Since its introduction in 1988, there have been successive revisions to the form and content of the National Curriculum – and Cambridge Assessment is concerned about the current direction of this policy.
Tim Oates, Group Director of Assessment Research and Development, explained: “It is imperative that students have the fundamentals to progress into higher education, into society and into the labour market. Yet some of the contemporary criticism of schooling and of qualifications is that young people can succeed relatively well in education by picking up discrete parts of knowledge, without gaining a real framework of knowledge.
“We believe a curriculum should provide a clear statement of concepts that children need to grasp, a clear framework for teaching, and be well-grounded in what we know constitutes good education. It should not be about squeezing in contemporary concepts. However, in the recent revisions to the curriculum, there appears to have been a strong emphasis on keeping interest groups happy rather than developing well-theorised content.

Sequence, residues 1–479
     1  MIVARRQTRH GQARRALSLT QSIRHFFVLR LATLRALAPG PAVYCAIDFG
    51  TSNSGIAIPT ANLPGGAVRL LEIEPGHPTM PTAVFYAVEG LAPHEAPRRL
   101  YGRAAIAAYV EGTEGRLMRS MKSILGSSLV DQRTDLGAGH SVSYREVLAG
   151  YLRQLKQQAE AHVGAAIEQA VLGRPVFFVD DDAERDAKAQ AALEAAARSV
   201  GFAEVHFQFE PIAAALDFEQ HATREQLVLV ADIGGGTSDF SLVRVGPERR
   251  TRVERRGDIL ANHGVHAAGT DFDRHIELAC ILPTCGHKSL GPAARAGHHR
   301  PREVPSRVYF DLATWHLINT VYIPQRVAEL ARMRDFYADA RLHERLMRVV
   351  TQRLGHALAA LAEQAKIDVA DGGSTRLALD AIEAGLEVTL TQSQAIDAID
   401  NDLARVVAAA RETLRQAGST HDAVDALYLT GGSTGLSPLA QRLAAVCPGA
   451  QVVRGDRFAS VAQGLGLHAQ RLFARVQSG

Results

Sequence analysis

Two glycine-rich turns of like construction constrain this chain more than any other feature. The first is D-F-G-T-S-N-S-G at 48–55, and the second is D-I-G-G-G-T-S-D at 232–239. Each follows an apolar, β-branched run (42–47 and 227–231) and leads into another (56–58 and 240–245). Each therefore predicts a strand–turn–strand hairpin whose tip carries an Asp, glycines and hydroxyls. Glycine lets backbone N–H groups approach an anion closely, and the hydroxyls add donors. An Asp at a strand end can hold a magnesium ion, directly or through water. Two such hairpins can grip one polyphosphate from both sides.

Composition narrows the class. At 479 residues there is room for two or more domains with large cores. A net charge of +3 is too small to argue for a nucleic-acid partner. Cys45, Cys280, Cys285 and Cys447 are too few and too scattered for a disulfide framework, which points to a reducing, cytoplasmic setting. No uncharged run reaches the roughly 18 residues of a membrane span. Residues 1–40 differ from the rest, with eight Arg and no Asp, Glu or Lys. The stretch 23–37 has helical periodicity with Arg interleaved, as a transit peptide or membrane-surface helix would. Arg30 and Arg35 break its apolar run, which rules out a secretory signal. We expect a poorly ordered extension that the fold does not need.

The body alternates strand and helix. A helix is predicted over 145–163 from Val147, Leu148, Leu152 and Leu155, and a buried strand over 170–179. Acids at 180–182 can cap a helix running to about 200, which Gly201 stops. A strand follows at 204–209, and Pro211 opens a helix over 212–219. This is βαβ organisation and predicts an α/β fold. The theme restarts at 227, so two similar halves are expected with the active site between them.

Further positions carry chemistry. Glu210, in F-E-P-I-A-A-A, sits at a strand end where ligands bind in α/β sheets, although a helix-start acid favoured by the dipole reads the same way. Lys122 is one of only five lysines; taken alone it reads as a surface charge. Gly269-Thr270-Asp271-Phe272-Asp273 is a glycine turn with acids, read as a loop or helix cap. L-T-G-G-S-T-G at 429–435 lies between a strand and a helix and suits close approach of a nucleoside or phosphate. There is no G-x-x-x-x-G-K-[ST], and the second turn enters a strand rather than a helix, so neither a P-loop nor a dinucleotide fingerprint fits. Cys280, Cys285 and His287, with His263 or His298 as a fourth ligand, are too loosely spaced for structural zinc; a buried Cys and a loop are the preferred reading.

"The National Curriculum is, and should be, highly prescriptive in terms of fundamental concepts. However, it’s the professional role of the teacher to be able to turn this list of concepts into motivating activities and into a motivating curriculum in the classroom.”